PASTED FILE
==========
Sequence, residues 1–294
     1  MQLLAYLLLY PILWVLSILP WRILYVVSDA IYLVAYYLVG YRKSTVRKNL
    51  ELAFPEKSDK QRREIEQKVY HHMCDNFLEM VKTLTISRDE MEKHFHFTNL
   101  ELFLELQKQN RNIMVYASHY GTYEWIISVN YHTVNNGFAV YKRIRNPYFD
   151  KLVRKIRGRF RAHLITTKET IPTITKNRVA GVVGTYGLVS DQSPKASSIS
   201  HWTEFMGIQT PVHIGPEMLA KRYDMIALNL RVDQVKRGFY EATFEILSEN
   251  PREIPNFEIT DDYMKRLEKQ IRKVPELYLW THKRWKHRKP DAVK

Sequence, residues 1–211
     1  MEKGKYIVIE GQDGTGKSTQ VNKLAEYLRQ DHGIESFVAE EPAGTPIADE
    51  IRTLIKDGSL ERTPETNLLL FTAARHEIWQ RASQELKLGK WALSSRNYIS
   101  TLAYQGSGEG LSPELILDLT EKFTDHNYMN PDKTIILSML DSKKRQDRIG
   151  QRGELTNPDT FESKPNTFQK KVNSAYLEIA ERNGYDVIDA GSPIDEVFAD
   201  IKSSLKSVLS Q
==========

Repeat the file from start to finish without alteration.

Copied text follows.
Sequence, residues 1–294
     1  MQLLAYLLLY PILWVLSILP WRILYVVSDA IYLVAYYLVG YRKSTVRKNL
    51  ELAFPEKSDK QRREIEQKVY HHMCDNFLEM VKTLTISRDE MEKHFHFTNL
   101  ELFLELQKQN RNIMVYASHY GTYEWIISVN YHTVNNGFAV YKRIRNPYFD
   151  KLVRKIRGRF RAHLITTKET IPTITKNRVA GVVGTYGLVS DQSPKASSIS
   201  HWTEFMGIQT PVHIGPEMLA KRYDMIALNL RVDQVKRGFY EATFEILSEN
   251  PREIPNFEIT DDYMKRLEKQ IRKVPELYLW THKRWKHRKP DAVK

Sequence, residues 1–211
     1  MEKGKYIVIE GQDGTGKSTQ VNKLAEYLRQ DHGIESFVAE EPAGTPIADE
    51  IRTLIKDGSL ERTPETNLLL FTAARHEIWQ RASQELKLGK WALSSRNYIS
   101  TLAYQGSGEG LSPELILDLT EKFTDHNYMN PDKTIILSML DSKKRQDRIG
   151  QRGELTNPDT FESKPNTFQK KVNSAYLEIA ERNGYDVIDA GSPIDEVFAD
   201  IKSSLKSVLS Q